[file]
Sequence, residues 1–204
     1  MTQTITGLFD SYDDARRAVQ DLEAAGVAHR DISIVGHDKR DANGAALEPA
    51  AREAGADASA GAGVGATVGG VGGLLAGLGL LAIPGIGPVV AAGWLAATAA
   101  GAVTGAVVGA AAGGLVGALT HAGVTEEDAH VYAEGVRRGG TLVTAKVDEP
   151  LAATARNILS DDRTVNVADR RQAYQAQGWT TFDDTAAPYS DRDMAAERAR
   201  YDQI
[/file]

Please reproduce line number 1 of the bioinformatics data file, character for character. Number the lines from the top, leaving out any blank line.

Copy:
Sequence, residues 1–204